Fentanyl is a potent synthetic opioid drug approved by
the Food and Drug Administration for use as an analgesic
(pain relief) and anesthetic. It is approximately 100 times
more potent than morphine and 50 times more potent
than heroin as an analgesic.

What are common street names?
Common street names include:
Apache, China Girl, China Town, Dance Fever, Friend,
Goodfellas, Great Bear, He-Man, Jackpot, King Ivory,
Murder 8, and Tango & Cash.

Fentanyl was first developed in 1959 and introduced in the
1960s as an intravenous anesthetic. It is legally manufactured
and distributed in the United States. Licit fentanyl
pharmaceutical products are diverted via theft, fraudulent
prescriptions, and illicit distribution by patients, physicians,
and pharmacists.
From 2005 through 2007, both fatal overdoses associated
with abuse of clandestinely produced fentanyl and law
enforcement encounters increased markedly. According
to the Centers for Disease Control and Prevention, there
were 1,013 fatal overdoses recorded from April 2005 to
March 2007. More recently, there has been a re-emergence
of trafficking, distribution, and abuse of illicitly produced
fentanyl with an associated dramatic increase in overdose

What does it look like?
Fentanyl pharmaceutical products are currently available in the
following dosage forms: oral transmucosal lozenges commonly
referred to as fentanyl “lollipops” (Actiq), effervescent buccal
tablets (Fentora), sublingual tablets (Abstral), sublingual sprays
(Subsys), nasal sprays (Lazanda), transdermal patches (Duragesic),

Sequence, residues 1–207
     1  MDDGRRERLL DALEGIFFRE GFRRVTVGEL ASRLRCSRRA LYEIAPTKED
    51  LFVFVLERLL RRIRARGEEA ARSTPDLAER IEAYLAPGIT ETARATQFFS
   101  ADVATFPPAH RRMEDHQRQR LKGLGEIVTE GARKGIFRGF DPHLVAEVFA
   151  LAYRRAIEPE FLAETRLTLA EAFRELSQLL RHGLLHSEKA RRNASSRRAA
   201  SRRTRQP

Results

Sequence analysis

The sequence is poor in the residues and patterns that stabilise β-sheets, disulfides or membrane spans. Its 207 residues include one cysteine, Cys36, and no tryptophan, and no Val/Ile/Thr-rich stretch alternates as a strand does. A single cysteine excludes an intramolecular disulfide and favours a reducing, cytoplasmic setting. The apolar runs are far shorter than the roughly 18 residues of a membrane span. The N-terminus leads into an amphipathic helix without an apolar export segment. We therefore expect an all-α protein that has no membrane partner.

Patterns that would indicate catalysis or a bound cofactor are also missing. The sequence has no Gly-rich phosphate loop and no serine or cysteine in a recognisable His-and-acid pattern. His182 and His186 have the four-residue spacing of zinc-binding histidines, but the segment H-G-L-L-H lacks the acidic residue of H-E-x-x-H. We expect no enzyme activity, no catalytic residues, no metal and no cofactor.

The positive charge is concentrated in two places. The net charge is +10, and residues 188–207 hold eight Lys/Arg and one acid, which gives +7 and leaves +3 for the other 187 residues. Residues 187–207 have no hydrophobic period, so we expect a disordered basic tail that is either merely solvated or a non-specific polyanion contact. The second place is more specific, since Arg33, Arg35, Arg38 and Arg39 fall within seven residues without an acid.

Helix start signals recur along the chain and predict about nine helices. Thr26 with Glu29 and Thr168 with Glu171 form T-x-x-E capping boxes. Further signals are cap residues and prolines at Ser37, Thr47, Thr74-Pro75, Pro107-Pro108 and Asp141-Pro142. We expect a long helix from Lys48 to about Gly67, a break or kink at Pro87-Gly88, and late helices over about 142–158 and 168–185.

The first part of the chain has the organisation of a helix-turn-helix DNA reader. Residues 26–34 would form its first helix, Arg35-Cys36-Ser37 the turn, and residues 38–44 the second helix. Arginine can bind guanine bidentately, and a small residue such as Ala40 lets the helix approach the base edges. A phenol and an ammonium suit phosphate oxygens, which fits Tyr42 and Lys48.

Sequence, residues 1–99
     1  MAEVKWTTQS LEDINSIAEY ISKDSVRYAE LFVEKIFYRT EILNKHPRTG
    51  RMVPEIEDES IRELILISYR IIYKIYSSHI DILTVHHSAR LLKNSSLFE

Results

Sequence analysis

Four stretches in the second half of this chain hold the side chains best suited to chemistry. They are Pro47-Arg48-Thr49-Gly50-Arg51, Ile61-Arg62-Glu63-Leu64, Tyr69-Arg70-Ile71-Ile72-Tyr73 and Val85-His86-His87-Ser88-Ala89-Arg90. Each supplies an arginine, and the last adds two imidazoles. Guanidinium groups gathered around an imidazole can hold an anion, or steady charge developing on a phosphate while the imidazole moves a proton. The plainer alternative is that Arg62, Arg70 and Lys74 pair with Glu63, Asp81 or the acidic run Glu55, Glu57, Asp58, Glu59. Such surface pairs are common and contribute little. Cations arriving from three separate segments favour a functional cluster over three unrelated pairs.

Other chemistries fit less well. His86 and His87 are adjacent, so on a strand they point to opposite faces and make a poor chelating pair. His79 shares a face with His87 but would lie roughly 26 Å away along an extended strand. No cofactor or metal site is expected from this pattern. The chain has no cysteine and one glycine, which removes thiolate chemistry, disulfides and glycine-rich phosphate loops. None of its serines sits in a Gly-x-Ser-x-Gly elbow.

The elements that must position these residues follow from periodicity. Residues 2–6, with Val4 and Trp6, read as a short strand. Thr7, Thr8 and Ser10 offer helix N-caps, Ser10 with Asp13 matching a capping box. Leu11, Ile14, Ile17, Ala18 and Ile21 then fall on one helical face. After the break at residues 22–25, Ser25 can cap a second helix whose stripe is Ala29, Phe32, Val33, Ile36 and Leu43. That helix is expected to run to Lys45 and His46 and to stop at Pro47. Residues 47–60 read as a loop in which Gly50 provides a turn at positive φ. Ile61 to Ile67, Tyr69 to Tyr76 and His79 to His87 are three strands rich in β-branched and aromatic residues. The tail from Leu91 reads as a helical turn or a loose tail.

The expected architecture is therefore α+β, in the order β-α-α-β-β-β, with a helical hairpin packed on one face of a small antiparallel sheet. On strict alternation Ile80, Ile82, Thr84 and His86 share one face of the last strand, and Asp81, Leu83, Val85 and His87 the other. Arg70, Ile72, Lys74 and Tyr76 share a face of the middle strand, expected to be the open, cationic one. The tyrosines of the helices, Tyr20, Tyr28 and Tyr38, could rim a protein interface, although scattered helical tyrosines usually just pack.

and injectable formulations.

Clandestinely produced fentanyl is encountered either as a powder
or in counterfeit tablets and is sold alone or in combination with
other drugs such as heroin or cocaine.

How is it abused?
Fentanyl can be injected, snorted/sniffed, smoked, taken orally by
pill or tablet, and spiked onto blotter paper. Fentanyl patches are
abused by removing its gel contents and then injecting or ingesting these contents. Patches have also been frozen, cut into
pieces, and placed under the tongue or in the cheek cavity.
Illicitly produced fentanyl is sold alone or in combination
with heroin and other substances and has been identified in
counterfeit pills, mimicking pharmaceutical drugs such as
oxycodone. According to the National Forensic Laboratory
Information System, reports on fentanyl (both pharmaceutical
and clandestinely produced) increased from nearly
5,400 in 2014 to over 14,600 in 2015, as reported by federal,
state, and local forensic laboratories in the United States.

What is the effect on the body?
Fentanyl, similar to other commonly used opioid
analgesics(e.g., morphine), produces effects such as
relaxation, euphoria, pain relief, sedation, confusion,
drowsiness, dizziness, nausea, vomiting, urinary retention,
pupillary constriction, and respiratory depression.

What are the overdose effects?
Overdose may result in stupor, changes in pupillary size, cold
and clammy skin, cyanosis, coma, and respiratory failure
leading to death. The presence of triad of symptoms such as
coma, pinpoint pupils, and respiratory depression are strongly
suggestive of opioid poisoning.

Which drugs cause similar effects?
Drugs that cause similar effects include other opioids such
as morphine, hydrocodone, oxycodone, hydromorphone,
methadone, and heroin.

What is the legal status in the Federal Control Substances Act?
Fentanyl is a Schedule II narcotic under the United States
Controlled Substances Act of 1970.

SOURCE: A DEA Resource Guide 2017 Edition